Political Paralysis Syndrome
The case of Iran
May 3, 2003
In a charitable mood, one could say that Iran’s politicians
are incapable of being proactive. In truth, they are so slow in
responding to challenges (both domestic and foreign) as to barely
deserve the title of reactive. In the wake of the Iraqi war, Iran’s
internal critics have renewed the charges that the government continues
to miss the boat of Iran’s national interests.
The memory of the Afghan war is painfully fresh. Iran that had
opposed the Taliban, hosted millions of Afghani refugees and supported
the Northern Alliance, insisted on neutrality and was left holding
the bag and the burden of a new pariah status on the wrong side
of the Axis of Evil. The contrast to Pakistan which had procreated
and carried the Taliban for years, was glaring as she turned on
a dime to support the American side and emerged from the conflict
smelling like the rose of moderate Islam.
The record of Iran’s foreign policy failures is so consistent
that even the palpable incompetence of its patronage addled foreign
corps can not account for it. The etiology of Iran’s Political
Paralysis Syndrome (PPS) might be instructive to others in the region
The first full blown case of this syndrome infected the hostage
crisis (1979-80) that was a dangerous misadventure in its own right.
PPS caused the indecision of the authorities who stood by as excellent
chances for resolving the worsening situation (such as the visit
of the Secretary General of the United Nations to Iran) slipped
Finally, the Carter administration prodded Iraq to invade Iran
in order to force the interminable hostage crisis to a conclusion.
This worked. Ayatollah Khomeini took a swig of the “chalice
of poison” that he would later drain at the conclusion of
the Iran-Iraq war and authorized the parliament to resolve the crisis.
In the fog of the imposed war and in slapstick haste a triumvirate
of not entirely sane hatters (Iranian clergy use the word kolahi
or “hatter,” for non-clerics) were given the fool’s
errand of quickly resolving the crisis.
With no experience in international negotiations and negligible
knowledge of Iran’s financial and military stakes, they flew
to Algiers to autograph the infamous, American drawn treaty of Algeria,
giving away the hostages along with the entire store.
The Iran-Iraq war (1980-1988) ended on the same sour note after
many chances for parley had been squandered by a sleep walking leadership.
For the last two years of the war the top brass knew that due to
Iran’s international isolation and Iraq’s use of unconventional
weapons, a military solution of the conflict was impossible.
And yet, in July of 1987 Iran rejected the UN Security Council
Resolution 598 that called for cesassion of hostilities, a return
to international borders and a UN brokered settlement. Only in August
of 1988 after the Iraqi war machine broke through the front lines
with heavy use of chemical weapons and threatened to reoccupy the
Western Iran, Ayatollah Khomeini capitulated, or as he put it, “quaffed
the chalice of poison.”
At once the Iranian mission to the United Nations was instructed
to accept the Security Council resolution that it had flatly rejected
eleven months earlier. When mission officials informed Tehran that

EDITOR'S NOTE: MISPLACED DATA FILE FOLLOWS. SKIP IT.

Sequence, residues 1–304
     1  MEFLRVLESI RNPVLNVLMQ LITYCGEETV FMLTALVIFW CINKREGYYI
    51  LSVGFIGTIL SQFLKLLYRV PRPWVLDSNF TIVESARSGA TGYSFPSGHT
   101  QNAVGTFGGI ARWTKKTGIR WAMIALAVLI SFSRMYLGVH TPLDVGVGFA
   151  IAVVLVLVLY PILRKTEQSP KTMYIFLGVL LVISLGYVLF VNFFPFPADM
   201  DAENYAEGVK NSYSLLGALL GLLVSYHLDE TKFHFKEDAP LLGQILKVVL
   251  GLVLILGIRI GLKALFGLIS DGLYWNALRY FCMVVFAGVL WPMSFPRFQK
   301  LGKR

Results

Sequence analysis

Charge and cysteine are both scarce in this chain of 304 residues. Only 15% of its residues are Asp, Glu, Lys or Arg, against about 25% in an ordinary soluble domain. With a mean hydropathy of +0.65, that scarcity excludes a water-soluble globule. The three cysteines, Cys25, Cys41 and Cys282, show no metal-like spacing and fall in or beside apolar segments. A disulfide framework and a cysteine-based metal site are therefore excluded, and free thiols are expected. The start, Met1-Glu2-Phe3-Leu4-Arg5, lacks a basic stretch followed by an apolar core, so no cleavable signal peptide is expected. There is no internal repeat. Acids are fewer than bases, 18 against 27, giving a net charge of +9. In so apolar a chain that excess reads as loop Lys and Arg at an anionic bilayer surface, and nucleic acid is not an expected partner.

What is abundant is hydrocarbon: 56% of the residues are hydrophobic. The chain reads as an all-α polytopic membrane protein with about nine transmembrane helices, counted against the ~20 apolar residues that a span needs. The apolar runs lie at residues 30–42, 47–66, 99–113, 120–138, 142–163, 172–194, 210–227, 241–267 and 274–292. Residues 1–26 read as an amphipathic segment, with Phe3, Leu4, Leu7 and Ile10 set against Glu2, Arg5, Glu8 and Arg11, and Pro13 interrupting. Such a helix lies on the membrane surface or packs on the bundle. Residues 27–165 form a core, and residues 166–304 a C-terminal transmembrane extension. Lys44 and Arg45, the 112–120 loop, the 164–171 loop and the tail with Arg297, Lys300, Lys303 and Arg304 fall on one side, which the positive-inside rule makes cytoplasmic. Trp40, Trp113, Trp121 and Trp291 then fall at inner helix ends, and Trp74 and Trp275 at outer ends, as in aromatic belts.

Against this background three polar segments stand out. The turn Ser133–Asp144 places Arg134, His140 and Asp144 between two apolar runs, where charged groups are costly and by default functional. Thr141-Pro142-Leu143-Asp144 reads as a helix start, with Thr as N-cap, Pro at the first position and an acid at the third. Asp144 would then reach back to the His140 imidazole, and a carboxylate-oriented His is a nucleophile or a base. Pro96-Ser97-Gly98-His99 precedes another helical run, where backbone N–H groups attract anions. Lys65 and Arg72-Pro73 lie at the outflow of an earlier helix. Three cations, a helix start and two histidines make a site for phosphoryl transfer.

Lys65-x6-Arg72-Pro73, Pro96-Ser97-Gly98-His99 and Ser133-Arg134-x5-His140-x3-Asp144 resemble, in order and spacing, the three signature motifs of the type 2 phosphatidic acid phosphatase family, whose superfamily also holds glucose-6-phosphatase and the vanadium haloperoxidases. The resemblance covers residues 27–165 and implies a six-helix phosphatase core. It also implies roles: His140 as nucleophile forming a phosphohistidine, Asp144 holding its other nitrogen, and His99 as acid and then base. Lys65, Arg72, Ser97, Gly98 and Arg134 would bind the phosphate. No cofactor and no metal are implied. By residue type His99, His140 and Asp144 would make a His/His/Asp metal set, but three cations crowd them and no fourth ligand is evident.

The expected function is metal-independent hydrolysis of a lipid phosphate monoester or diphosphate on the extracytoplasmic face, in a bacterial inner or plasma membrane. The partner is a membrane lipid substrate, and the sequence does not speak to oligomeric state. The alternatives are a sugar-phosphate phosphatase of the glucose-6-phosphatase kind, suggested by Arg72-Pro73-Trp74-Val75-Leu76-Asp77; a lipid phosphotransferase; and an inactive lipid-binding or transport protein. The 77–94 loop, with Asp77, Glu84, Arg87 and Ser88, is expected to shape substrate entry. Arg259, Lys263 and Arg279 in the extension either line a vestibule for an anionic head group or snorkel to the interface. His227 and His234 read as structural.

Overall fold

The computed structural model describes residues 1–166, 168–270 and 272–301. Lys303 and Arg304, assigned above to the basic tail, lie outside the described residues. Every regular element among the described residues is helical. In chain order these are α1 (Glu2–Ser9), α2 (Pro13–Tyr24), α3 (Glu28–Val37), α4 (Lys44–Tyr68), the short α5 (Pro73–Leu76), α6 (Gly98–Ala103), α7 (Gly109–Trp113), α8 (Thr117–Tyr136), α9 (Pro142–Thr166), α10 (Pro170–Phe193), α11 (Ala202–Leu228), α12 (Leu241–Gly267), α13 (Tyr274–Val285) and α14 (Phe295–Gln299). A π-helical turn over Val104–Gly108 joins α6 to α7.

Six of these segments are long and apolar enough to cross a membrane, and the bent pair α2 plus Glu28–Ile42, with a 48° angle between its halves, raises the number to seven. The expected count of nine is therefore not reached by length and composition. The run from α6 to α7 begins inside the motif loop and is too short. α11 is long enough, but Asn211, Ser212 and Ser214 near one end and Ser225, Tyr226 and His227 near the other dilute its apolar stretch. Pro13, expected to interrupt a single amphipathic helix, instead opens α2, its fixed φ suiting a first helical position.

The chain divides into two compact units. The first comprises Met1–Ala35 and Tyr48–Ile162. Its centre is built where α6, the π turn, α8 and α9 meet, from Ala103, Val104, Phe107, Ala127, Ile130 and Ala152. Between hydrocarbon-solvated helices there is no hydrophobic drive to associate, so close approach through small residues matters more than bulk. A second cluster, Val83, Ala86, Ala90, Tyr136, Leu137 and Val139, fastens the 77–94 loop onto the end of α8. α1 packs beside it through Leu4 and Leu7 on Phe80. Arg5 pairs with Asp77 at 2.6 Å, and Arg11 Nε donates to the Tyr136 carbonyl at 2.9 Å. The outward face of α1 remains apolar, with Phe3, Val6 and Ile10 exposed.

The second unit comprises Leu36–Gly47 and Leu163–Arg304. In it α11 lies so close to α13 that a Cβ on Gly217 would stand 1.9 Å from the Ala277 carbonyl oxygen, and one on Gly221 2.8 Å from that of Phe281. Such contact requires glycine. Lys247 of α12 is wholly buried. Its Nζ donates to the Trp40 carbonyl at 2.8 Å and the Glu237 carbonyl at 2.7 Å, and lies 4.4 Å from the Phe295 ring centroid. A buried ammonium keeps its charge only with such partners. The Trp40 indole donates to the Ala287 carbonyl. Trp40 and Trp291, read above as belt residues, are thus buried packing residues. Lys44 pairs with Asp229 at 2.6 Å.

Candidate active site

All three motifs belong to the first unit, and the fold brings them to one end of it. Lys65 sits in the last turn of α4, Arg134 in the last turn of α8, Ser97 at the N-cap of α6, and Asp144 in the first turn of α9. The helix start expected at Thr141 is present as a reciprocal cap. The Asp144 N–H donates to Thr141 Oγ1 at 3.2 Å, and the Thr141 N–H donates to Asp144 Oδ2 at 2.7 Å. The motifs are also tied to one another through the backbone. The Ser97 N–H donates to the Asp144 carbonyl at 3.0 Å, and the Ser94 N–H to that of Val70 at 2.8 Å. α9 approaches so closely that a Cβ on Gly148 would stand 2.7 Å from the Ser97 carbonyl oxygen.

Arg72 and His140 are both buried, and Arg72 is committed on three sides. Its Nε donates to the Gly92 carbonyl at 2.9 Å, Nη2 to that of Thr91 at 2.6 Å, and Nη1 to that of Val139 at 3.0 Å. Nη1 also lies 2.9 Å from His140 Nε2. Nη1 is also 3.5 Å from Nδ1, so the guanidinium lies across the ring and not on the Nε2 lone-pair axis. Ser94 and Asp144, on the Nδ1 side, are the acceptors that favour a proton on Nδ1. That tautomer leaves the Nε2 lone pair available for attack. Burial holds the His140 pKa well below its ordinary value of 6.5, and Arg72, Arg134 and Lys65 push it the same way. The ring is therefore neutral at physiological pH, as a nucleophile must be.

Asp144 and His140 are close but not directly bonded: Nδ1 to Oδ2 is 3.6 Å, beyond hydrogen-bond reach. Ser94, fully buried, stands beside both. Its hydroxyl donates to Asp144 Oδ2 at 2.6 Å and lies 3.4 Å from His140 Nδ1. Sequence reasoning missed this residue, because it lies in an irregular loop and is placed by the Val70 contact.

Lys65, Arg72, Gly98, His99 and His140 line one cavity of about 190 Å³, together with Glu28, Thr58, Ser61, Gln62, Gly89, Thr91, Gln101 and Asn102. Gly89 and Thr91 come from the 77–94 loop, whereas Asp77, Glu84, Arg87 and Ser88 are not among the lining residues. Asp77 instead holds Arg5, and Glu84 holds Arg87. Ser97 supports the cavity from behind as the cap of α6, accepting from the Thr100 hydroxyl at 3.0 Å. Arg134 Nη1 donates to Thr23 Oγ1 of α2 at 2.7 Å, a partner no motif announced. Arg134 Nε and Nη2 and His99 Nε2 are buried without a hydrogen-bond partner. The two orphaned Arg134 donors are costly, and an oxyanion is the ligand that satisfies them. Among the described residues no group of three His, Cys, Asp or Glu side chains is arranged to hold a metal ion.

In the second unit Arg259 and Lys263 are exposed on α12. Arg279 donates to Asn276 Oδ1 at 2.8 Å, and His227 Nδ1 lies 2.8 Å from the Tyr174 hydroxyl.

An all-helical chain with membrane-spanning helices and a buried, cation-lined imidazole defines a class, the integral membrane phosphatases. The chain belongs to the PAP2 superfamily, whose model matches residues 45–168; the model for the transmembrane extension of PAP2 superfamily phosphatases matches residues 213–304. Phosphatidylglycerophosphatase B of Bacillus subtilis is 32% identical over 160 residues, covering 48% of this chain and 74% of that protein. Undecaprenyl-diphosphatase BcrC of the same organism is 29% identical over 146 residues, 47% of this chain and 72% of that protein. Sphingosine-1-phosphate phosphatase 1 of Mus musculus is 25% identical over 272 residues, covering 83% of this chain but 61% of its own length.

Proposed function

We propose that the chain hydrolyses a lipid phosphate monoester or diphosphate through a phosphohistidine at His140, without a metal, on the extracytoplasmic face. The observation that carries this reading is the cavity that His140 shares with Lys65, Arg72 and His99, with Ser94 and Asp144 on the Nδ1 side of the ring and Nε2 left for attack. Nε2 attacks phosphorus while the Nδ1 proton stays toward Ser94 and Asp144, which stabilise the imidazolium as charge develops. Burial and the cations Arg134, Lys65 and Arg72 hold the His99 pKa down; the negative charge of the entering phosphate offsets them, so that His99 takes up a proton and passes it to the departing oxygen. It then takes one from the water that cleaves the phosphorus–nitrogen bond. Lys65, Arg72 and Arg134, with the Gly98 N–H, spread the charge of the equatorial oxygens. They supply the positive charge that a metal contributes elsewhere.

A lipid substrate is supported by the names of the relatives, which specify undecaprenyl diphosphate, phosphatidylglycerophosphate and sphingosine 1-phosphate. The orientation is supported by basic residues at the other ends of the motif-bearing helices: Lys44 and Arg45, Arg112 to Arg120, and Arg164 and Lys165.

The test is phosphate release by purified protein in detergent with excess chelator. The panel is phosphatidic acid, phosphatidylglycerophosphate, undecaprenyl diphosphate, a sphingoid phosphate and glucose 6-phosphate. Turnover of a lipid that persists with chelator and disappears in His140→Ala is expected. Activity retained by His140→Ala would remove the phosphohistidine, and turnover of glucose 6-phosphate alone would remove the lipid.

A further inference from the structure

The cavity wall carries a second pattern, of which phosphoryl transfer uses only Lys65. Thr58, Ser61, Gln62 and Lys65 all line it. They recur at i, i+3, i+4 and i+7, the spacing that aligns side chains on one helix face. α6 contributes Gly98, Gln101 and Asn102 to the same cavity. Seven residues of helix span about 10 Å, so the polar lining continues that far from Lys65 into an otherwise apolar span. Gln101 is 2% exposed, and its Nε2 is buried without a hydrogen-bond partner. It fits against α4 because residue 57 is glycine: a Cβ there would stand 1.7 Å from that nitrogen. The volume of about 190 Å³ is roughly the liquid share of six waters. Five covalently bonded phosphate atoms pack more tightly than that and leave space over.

this could not be done on a Saturday when the UN was closed, they
were told to drive to the home of the Secretary General and do it
The Political Paralysis Syndrome is the plague of authoritarian
regimes. It is caused by compounded irresponsibility: idealist leaders
and their servile functionaries have to simultaneously produce complementary
types of irresponsibility to induce total, systemic paralysis.
Idealist leaders are romantics. They are inflexible because they
are guided by fixed ideas. They are convinced that their mind waves
can bend mundane realities but when this does not work they refuse
to adjust their plans. Instead, they denounce compromises and politics
as the art of the possible. To die in the cause of the impossible,
they profess, is better than settling for what is possible.
Before you know it, they have pledged the last drop of their people’s
blood as collateral for their failed dreams. And, when all falls
apart, they blame the chintzy fabric of the world for its inability
to bring out their noble and bold designs. All this can happen in
absence of malice or malfeasance. A nation can descend to the bowls
of hell on a ladder of its leaders’ capricious delusions.
But, there is no star gazing romance, no nobility to the corporate
irresponsibility of the functionaries of authoritarianism. Their
life suffers not from excess of idealism but from lack thereof.
It is a life defined by daily sacrifice of professionalism at the
altar of careerism.
In its inability to handle political independence, every authoritarian
regime selects against conscientious politicians and in favor of
congenital team players, creating a cadre of slavish bureaucrats
who refuse to bring bad news let alone deal with or attempt to prevent
When crises brew apparatchiks cower to dodge the charges of ideological
impurity. They confess dismay at “the system” to gatherings
of two or fewer and to their dear diaries. But, authoritarian functionaries
never resign or take a stand. They only spring to action when the
crisis has turned into a national disaster as only then initiative
can pass as being practical.
Finally, when the leader drinks from the chalice of poison the
functionary can toast the leader, take a plane to Algiers, drive
uptown in search of the Secretary General’s home and keep
a good career going all at the same time.
Ahmad Sadri, is the Professor and Chairman of the Department
of Sociology and Anthropology at Lake Forest College, IL, USA. See
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